Novelist and poet Nicholas Christopher takes an serious, enthusiastic and in-yer-face academic approach, alluding to pop culture, literature, bits of history, sociology, and, of course, about a zilliuon films. Intelligent, challenging and provocative.
A collection of essays on film noir that reassess the genre in light of contemporary social and political concerns, examining the role of the femme fatale and the reemergence of noir themes in new films by black directors.
What with all the whiskey fumes and cigarette smoke getting in their eyes, sometimes movies can go too fast for you to catch all the cinematic nuances. So along comes this hefty five-pound slab of a book to lend a hand. It's crammed with loads of glorious photos (many in glorious black and white!) and thoughtful essays on what the authors consider the 100 greatest examples of the genre, from early, ground zero German and French silent films right through the classic period and all the way to such modern neo-noir outliers as Black Swan, Sin City and The Dark Knight. Yummy.
Now painfully dated, but an important book for its time, as it attempted to trace the history of the "screen sleuth." Some great pictures, too!
Extremely readable, personal views of 100 or so examples of "the moody, ominous violent underbelly of American moviemaking." Excellent mini-essays on Chinatown, Out of the Past, Night Moves, White Heat and tons of others.
Barry Gifford serves as the ideal guide to noir, identifying the greats and not-so-greats of the genre, casting his shrewd eye on -- and offering his wide-ranging opinions on -- such films as The Asphalt Jungle, Body and Soul, Body Heat, Charley Varrick, Chinatown, D.O.A., Double Indemnity, High Sierra, Key Largo, Kiss of Death, Mean Streets, Mildred Pierce, Mr. Majestyk, Out of the Past, The Strange Love of Martha Ivers and Strangers on a Train, as well as such Europeon noirs as Repulsion, The Hidden Room, Shoot the Piano Player, The 400 Blows and Odd Man Out. This is actually an updated and revised version of his previous The Devil Thumbs a Ride.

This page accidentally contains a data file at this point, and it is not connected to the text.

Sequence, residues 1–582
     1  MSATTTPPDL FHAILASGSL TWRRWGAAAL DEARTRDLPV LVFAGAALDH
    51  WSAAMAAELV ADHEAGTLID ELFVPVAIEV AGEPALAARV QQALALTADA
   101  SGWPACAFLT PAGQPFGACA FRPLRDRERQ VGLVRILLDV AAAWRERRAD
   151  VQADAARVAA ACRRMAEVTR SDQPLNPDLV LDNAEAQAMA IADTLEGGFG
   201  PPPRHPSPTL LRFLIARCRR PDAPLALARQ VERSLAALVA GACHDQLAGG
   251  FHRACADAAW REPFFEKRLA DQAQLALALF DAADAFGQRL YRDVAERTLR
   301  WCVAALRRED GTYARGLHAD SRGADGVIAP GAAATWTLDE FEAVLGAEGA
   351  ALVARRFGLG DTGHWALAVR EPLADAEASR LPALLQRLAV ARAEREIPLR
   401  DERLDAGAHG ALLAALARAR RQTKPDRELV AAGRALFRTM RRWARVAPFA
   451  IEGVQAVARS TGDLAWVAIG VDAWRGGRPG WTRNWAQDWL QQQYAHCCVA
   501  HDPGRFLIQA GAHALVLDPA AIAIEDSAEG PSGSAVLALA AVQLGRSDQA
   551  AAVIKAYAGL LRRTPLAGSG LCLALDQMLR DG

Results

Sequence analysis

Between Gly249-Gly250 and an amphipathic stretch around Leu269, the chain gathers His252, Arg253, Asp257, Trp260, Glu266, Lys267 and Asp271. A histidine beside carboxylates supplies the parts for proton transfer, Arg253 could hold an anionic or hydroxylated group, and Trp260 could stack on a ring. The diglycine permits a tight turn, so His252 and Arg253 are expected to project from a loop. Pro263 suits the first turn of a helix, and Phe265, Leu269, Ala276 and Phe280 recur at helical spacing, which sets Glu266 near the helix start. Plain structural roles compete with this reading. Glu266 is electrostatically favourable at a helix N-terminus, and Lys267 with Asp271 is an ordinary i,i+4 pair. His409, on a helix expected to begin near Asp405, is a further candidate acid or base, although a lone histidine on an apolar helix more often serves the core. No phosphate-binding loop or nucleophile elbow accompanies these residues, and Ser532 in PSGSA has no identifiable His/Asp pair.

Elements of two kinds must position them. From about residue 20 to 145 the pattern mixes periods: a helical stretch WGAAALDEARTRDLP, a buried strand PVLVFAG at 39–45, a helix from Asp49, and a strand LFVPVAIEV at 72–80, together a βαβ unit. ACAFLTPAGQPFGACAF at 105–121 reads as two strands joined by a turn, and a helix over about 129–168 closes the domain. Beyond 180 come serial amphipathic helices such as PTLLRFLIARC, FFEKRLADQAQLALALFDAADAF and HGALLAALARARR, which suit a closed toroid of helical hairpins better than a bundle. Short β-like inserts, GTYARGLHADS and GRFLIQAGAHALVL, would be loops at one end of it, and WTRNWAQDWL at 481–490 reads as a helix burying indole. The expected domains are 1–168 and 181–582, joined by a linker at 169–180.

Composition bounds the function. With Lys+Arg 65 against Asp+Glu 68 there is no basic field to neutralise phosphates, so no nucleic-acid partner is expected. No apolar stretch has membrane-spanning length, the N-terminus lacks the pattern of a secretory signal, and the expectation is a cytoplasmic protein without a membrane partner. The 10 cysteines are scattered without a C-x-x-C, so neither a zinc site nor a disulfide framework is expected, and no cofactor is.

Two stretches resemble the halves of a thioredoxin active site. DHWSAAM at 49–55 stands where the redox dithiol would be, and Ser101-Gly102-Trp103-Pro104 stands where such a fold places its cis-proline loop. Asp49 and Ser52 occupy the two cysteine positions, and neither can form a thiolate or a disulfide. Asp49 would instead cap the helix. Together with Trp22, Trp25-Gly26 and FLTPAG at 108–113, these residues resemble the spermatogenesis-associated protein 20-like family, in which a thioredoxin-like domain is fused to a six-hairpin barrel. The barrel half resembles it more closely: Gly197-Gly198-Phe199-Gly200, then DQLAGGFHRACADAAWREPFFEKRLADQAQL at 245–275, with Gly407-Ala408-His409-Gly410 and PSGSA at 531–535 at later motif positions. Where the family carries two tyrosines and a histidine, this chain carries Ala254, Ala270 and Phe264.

Amazing collection of informative, revealing, intriguing essays, interviews, excerpts, opinions and other neat stuff, both original and from various sources, covering noir in all its shadowy glory, from films and literature to radio, television and comics. Contributors include Ron Goulart, Max Allan Collins, Bill Pronzini, James Sallis, Robert Skinner, Stephen King, Gary Lovisi, Dick Lochte, William Nolan, Maxim Jakubowski, Bill Crider, Leigh Brackett and Etienne Borgers, among others. I can't praise this book enough. Passionate, diverse, opinionated, cranky, illuminating and enlightening, it's like a Greatest Hits of Noir Criticism.
Subtitled "The fate of hard-boiled writers in Hollywood," this book shines a spotlight on the twisted love/hate relationship between the great crime novelists, from Dashiell Hammett and Raymond Chandler to Elmore Leonard and James Ellroy, and the Hollywood dream factory. Haut is also the author of the acclaimed Neon Noir and Pulp Culture.
Novelsit (Dirty White Boys, I, Sniper, Point of Impact, etc.) and Pulitzer Prize-winning film critic Hunter dodges the moral and ethical debates, and simply serves up the good stuff; "a virtual laundry list of sex and violence," with plenty of savvy commentary and two-fisted wit along the way.
A labour of love. Lyons, the writer of the acclaimed Jacob Asch P.I. series, clues us in on some of his favourite things: namely, those beloved but now woefully-neglected noir B films of the 1940s and 1950s. Complete with cast lists, complete production notes, Lyons' incisive comments, and more trivia than you can shake a box of popcorn art, this is a must-have for any fan of cinematic cheap thrills. As Dean Koontz says on the cover blurb, "A terrific piece of work, the definitive book on its subject, and a body slam of nostalgia that knocked me out of my chair more than once."